Film Reviews

Blood Hunger: The Films of José Larraz – Review

José Ramón Larraz was a Spanish director of… well, it is difficult to really call them horror films, as many of them come across as thinly veiled attempts at lesbian pornography. Exploitation films? Erotic Suspense? Softcore porn with a horror bent? However you want to describe them, they’re now being released to a wider audience with the release of the box set Blood Hunger: The Films of José Larraz from Arrow Films. This is a three movie set comprised of Whirlpool, Vampyres and The Coming of Sin.

First is Whirlpool (1970), a charmingly low budget affair which tells the story of ageing fashionista Sara (Pia Andersson) and her “nephew” Theo (Karl Lanchbury) who fill their days in their remote cottage in the bleak English countryside by finding nubile and naive young models at photoshoots, luring them back to the house and having their wicked way with them in all sorts of different ways. It’s a very slow burn piece to be sure, and a degree of patience is needed.

Next up is Vampyres (1974) and the title tells you all you really need to know. This film takes exactly 27 seconds to get to the lesbian sex and just over one minute before someone gets shot to death, so if Whirlpool is a slow burner, this is like being tossed into a furnace. Fran (Marianna Morris) and Miriam (Anulka Dziubinkso) are the titular vampy(i)res and they like to pretend to be helpless hitchhikers, picking up men, taking them back to their mansion (which was also the home of a certain Transsexual Transylvanian and his creation Rocky) and then slitting them up in creative ways and drinking their blood, in an impressivly gory scene that’s still disturbing even today and at the time must have had the censors going through red ink like it was water. At a time when most female characters were still confined to being little more than shrieking damsels in distress it’s interesting to see the men relegated to this role, their corpses disposed of like garbage by the side of the road once the vampyres are done with them.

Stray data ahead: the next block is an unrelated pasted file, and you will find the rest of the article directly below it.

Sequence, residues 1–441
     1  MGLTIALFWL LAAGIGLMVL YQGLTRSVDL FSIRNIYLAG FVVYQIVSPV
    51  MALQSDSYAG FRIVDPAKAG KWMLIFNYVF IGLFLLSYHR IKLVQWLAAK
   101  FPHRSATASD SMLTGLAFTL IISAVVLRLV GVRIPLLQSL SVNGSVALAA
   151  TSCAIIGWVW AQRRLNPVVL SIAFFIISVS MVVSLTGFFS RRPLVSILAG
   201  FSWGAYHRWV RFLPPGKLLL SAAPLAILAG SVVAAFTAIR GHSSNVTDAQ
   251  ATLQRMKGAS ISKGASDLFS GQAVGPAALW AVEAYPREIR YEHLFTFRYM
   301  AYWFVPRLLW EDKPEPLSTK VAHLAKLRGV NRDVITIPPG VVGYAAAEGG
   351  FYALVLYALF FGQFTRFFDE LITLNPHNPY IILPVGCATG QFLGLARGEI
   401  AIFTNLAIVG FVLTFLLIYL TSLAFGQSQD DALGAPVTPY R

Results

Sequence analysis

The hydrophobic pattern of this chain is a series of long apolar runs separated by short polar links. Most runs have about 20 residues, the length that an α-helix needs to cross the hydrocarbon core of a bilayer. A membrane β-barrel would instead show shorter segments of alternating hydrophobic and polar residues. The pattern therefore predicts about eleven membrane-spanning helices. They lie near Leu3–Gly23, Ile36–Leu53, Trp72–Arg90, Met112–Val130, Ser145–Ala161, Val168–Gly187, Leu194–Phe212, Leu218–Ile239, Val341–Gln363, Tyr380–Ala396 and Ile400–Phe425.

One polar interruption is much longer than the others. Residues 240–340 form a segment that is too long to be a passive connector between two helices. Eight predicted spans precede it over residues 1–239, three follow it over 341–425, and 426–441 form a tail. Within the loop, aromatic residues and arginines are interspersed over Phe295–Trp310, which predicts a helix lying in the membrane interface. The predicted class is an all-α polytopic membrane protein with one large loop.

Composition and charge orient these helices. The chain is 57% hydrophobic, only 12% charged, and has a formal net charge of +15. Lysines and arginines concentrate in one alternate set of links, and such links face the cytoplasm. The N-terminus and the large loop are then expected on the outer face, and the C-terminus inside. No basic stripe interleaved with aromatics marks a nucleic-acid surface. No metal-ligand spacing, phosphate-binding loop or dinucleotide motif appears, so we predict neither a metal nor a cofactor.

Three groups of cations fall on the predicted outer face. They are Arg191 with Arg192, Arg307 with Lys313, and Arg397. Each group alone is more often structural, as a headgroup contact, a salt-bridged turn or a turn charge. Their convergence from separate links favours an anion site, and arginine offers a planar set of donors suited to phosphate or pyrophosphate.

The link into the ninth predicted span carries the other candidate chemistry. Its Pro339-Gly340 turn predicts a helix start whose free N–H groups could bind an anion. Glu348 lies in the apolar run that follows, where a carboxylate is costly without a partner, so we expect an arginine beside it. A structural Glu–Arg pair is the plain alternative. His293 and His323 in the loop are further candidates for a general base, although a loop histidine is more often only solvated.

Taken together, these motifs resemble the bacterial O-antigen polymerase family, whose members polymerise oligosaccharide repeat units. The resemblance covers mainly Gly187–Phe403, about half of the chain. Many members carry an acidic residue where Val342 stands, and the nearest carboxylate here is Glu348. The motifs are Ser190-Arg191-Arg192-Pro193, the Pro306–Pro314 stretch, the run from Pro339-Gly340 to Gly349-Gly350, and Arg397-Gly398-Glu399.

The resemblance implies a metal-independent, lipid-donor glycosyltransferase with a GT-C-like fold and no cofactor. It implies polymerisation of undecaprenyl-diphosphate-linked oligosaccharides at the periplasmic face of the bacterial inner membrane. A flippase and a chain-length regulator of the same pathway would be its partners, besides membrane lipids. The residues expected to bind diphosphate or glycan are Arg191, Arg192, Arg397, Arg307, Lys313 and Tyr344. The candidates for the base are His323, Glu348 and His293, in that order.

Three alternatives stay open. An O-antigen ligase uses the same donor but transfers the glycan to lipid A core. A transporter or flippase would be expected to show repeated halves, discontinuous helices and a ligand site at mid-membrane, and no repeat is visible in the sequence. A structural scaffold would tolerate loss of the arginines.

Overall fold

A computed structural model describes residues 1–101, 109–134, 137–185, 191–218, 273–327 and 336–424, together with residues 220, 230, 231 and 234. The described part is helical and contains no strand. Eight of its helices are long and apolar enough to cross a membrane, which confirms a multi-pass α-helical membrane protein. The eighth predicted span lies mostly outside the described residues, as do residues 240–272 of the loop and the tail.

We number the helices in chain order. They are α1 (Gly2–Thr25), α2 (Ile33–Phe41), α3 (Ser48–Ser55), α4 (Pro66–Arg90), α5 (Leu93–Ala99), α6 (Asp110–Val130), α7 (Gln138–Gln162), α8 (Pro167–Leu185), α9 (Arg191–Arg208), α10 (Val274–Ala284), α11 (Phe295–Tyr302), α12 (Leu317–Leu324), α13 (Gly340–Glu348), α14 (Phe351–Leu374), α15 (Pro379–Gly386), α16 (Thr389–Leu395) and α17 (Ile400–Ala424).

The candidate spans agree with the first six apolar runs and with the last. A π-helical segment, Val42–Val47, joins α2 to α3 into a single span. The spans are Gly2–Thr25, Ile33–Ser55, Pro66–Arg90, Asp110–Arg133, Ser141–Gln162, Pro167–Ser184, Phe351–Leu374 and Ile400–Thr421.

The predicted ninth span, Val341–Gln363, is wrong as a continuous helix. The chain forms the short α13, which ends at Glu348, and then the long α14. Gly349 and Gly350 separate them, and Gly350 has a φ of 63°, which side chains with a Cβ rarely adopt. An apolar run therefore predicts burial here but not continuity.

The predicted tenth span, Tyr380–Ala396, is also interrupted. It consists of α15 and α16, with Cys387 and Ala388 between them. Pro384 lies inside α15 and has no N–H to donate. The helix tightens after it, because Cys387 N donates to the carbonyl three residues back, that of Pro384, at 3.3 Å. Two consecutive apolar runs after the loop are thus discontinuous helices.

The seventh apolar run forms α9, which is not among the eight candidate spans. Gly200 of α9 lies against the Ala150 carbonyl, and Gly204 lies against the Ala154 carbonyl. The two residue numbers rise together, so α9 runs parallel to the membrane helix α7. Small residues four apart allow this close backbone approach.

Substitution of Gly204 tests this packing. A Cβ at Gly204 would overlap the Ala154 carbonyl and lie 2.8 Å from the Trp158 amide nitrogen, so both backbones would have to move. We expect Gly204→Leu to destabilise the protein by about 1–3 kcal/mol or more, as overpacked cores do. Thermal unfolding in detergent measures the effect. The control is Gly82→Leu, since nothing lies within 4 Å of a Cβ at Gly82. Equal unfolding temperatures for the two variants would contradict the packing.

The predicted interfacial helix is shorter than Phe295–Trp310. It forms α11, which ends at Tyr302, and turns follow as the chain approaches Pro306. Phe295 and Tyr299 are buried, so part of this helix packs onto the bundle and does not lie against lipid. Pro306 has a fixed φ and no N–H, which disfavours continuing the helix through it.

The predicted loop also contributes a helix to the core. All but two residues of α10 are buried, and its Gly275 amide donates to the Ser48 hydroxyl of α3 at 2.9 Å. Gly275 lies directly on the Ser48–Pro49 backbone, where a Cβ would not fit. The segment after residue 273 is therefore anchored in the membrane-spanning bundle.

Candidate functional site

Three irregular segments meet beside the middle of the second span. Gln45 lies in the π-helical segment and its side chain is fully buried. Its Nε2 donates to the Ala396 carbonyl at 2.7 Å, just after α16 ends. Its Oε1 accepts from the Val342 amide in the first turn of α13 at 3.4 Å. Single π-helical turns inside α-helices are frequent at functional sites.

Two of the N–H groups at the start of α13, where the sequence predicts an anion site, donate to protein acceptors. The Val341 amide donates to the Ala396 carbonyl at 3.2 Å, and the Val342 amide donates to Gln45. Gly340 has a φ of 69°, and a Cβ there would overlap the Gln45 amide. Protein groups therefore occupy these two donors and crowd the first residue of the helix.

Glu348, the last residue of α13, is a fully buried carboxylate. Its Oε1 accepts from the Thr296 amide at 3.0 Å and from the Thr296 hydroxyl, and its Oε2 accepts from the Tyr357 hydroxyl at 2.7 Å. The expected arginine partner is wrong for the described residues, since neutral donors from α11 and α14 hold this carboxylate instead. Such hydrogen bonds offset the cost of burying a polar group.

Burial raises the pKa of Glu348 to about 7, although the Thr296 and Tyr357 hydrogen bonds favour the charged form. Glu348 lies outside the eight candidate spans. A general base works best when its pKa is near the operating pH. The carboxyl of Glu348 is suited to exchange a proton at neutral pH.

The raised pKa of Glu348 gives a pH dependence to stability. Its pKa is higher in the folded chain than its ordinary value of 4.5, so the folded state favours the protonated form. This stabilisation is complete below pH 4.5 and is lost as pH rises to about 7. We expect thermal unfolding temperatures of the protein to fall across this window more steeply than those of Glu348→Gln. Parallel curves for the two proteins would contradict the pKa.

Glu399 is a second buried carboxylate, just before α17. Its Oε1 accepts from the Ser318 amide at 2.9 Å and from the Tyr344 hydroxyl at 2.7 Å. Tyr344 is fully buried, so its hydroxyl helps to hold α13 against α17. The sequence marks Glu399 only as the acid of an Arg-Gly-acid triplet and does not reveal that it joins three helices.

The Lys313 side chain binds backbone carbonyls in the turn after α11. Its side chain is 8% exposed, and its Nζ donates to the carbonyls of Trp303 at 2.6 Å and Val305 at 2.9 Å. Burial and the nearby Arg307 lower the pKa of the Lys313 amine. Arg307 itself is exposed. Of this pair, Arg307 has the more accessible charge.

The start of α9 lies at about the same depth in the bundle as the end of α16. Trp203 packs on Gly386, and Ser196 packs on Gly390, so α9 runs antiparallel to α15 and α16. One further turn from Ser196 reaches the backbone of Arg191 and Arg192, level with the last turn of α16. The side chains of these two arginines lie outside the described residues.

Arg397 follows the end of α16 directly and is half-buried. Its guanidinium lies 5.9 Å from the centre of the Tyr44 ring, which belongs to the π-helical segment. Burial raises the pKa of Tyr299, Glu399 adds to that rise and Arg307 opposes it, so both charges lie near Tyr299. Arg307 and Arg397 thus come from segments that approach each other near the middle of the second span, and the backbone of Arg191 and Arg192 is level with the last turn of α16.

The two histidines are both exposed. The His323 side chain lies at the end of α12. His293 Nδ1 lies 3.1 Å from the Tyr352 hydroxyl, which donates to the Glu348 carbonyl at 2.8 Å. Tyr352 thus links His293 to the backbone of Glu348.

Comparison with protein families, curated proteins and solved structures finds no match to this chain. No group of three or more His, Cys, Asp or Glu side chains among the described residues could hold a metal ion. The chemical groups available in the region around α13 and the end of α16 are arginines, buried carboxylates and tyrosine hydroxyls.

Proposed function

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The final film is The Coming of Sin (1978), titled here as Vice Makes a Visit – originally  La Visita del Vicio in its native Spanish – and once again there are lesbian lovers: Triana (Lidia Zuazo/Lydia Stern) who is left in the care of artist Lorna (Patricia Granada/Patrice Grant) but this time one of them is stalked by nightmares of a naked man riding a horse, only to find that he is real, sporting the name “Chico” and apparently set on having her by any means necessary, even if that means rape. The tension builds until the final act of violence brings things to a close. Of the three this is probably the most interesting not only in terms of the story, but in atmosphere and presentation.

These movies are a curiosity, definitely something to be viewed as a product of their time, when the boundaries of filmmaking were being pushed, and the tight grasp of the censors challenged with varying results. At times these films come across as an exercise in “How much lesbian sex and really clumsy makeout scenes can we cram into this before the censors tell me to start cutting?” See the extended scene of a naked woman applying skin cream in Vice Makes a Visit for a perfect example of pointlessly titillating padding.

An interesting little set, but one for hardcore genre fans only.

Blood Hunger: The Films of José Larraz is now available as a Limited Edition Blu-ray boxset, which includes Whirlpool, Vampyres, and The Coming of Sin, as well as special features for each.

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